On a blistering hot day, protesters in Dallas yet again gathered in front of the Dallas Police Department. Other local protests for justice in the name of ending police brutality have begun here since the death of George Floyd. Some have ended in tear gas, riots, and mass arrests.
It has been a turbulent week of social unrest stemming from recent episodes of police brutality. Tensions between police and protesters has been high, and Dallas has not been immune. However, Friday’s protest was a little different: this one was organized by the Dallas Police Department as a gesture of solidarity with the black community.
The march’s preceding rally started at 11 a.m. in front of the Dallas Police Headquarters on the 1400 block of S. Lamar. Some local activists perceived this event as necessary to reverse community-wide discontent and mistrust, while others criticized it as a performative and insufficient move.
Dallas police officer Arturo Martinez gave introductory remarks:
“Today’s the day that we finally stand and we march with our people, because when I take this uniform off, I’m just another Mexican on the street. We are united against racism. That’s why we’re here today. We’re here today because we just want equality every day. Because God made us this way.”
Martinez was joined by other city leaders such as Dallas Police Chief Renee Hall and Dallas City Manager T.C. Broadnax who addressed the crowd about the importance of accountability and unity. Trinity Church Cedar Hill pastor Jim Hennesy delivered a prayer.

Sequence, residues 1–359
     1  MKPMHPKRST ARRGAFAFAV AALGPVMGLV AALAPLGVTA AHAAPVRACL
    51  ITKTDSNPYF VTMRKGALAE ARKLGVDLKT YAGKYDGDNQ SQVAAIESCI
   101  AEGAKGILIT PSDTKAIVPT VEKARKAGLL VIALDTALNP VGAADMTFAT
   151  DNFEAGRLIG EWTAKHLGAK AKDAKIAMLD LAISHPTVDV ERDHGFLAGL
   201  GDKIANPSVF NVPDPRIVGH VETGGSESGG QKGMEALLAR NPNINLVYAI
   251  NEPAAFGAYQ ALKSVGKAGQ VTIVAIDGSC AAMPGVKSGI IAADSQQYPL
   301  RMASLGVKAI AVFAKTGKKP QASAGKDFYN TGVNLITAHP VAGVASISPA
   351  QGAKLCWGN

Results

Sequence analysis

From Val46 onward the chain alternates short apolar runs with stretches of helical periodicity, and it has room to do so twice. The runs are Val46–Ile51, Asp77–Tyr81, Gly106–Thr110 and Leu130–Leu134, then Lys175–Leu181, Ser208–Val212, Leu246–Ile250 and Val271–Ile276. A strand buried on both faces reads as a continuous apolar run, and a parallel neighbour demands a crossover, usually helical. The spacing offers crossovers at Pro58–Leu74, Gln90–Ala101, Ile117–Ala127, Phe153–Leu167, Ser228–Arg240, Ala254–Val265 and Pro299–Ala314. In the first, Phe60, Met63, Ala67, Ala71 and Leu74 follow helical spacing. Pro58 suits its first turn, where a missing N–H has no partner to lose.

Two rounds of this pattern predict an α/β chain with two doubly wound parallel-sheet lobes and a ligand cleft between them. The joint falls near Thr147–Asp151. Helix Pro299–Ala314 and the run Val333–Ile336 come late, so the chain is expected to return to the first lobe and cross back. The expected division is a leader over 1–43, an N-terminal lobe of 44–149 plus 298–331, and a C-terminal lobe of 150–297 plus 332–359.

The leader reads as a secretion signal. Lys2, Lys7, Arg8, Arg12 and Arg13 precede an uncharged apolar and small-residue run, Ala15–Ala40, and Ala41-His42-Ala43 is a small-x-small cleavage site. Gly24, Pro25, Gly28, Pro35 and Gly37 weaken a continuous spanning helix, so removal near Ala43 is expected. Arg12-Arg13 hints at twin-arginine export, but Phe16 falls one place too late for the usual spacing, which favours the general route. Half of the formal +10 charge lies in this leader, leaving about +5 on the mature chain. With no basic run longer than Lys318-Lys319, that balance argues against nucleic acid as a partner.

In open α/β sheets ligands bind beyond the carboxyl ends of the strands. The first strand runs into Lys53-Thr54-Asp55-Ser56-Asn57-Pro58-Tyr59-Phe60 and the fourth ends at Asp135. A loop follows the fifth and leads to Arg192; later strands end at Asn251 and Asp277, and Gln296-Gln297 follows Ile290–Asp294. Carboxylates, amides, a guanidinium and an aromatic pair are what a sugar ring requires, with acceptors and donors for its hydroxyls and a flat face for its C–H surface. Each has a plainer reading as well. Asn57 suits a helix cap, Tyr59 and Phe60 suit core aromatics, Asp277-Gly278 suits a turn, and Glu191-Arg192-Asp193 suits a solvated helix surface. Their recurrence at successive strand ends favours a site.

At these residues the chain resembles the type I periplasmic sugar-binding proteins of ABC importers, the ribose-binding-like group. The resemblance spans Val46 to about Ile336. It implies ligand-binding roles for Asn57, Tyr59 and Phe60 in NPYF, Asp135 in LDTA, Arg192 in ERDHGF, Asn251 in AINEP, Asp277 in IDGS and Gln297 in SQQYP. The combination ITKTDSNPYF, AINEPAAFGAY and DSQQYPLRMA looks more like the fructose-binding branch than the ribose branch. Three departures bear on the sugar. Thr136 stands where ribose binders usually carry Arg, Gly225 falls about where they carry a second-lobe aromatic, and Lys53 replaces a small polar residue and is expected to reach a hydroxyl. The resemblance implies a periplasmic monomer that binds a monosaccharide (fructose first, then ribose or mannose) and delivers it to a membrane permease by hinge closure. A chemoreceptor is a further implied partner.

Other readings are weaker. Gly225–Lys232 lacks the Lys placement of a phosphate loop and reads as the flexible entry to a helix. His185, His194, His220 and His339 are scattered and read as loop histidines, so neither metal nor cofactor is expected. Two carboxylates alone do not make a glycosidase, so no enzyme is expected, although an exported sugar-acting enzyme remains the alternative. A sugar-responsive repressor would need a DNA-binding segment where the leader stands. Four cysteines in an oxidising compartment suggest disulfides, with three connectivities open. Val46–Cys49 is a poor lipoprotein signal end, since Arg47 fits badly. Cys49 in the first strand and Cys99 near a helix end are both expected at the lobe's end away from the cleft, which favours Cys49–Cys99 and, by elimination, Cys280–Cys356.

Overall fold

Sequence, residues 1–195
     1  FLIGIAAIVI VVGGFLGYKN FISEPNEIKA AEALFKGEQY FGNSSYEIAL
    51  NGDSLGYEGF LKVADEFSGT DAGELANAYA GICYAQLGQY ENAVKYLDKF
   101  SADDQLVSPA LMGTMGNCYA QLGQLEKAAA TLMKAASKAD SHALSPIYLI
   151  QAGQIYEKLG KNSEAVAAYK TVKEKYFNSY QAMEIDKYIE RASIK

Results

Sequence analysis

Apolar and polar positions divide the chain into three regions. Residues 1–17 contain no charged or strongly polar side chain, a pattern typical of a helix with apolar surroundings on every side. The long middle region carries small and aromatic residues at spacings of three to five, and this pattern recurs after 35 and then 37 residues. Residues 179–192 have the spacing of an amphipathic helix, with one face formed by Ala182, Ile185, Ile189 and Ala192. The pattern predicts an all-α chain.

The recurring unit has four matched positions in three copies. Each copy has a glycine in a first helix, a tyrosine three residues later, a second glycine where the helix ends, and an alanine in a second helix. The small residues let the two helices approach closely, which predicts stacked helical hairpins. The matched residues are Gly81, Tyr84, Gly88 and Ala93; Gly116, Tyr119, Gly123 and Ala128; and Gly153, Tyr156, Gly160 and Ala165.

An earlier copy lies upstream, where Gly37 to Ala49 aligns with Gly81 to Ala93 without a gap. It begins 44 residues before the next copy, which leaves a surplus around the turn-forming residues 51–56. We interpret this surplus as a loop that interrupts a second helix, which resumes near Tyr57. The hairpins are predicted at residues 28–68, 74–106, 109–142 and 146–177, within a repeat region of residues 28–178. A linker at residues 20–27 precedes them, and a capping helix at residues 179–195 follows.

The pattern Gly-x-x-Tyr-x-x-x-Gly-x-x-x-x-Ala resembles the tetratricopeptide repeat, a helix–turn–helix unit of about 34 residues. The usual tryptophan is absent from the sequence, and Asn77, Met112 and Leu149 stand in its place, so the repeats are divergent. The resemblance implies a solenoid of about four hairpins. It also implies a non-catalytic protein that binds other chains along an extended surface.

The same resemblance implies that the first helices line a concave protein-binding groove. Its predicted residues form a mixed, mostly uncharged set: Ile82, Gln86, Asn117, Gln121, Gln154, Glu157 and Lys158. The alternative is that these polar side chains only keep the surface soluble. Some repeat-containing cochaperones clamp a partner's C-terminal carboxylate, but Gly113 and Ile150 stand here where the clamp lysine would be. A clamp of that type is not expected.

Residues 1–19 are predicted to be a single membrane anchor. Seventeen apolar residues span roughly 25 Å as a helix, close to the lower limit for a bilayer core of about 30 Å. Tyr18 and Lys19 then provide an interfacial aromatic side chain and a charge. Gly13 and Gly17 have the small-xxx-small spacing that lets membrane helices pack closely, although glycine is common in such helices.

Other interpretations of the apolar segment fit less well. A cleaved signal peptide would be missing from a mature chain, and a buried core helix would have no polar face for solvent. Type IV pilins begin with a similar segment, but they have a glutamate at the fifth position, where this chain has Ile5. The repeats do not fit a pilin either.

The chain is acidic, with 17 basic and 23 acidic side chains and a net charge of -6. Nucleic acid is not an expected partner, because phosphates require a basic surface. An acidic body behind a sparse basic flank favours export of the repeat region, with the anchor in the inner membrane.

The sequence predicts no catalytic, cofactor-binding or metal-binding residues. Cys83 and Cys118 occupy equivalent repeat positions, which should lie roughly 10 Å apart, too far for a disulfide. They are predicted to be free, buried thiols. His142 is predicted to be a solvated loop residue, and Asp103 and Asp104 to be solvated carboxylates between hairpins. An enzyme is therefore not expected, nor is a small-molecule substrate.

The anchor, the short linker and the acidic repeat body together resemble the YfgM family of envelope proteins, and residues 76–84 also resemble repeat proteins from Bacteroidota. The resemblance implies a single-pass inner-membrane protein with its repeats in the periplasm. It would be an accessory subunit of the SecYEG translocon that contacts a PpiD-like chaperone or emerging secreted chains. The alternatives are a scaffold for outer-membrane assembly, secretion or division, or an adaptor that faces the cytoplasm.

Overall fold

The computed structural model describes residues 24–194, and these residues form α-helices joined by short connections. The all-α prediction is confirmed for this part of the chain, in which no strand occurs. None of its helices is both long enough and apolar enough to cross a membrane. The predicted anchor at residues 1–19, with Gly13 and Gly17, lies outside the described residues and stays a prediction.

Immediately following Hennesy’s prayer, Dallas Mavericks owner Mark Cuban took the stage and spoke.
“We all have issues, and we all have challenges,” Cuban said. “Organizations have to grow and get smarter and better, whether you’re police officers, whether you’re basketball players, whether you’re running an organization, whether you’re working for an organization, there’s always room. But in order for those organizations to improve, that improvement has to come from each and every one of us. It has to come from the bottom up.”
Over the course of the rally, police officers delivered water bottles to protesters and offered complimentary pizza, hand sanitizer and sunscreen at a table that stood adjacent to the stage.
The march kicked off about 45 minutes later with a brief stop at the neighboring South Side Flats apartment complex, where 26-year-old Botham Jean was killed in his apartment unit by former Dallas police officer Amber Guyger. Martinez led a call-and-response in chanting, “Say his name,” through a megaphone, to which the crowd responded: “Botham Jean.”
Martinez led the crowd in other chants as they continued on their march, including one celebrating what would have been Breonna Taylor’s 27th birthday. In March, Taylor, who was an EMT and aspiring nurse, was shot eight times by Louisville police after a botched raid. She was sleeping when they killed her. No officer has been arrested. “I want justice for her,” Taylor’s mother, Tamika Palmer, told The Washington Post. “I want them to say her name. There’s no reason Breonna should be dead at all.”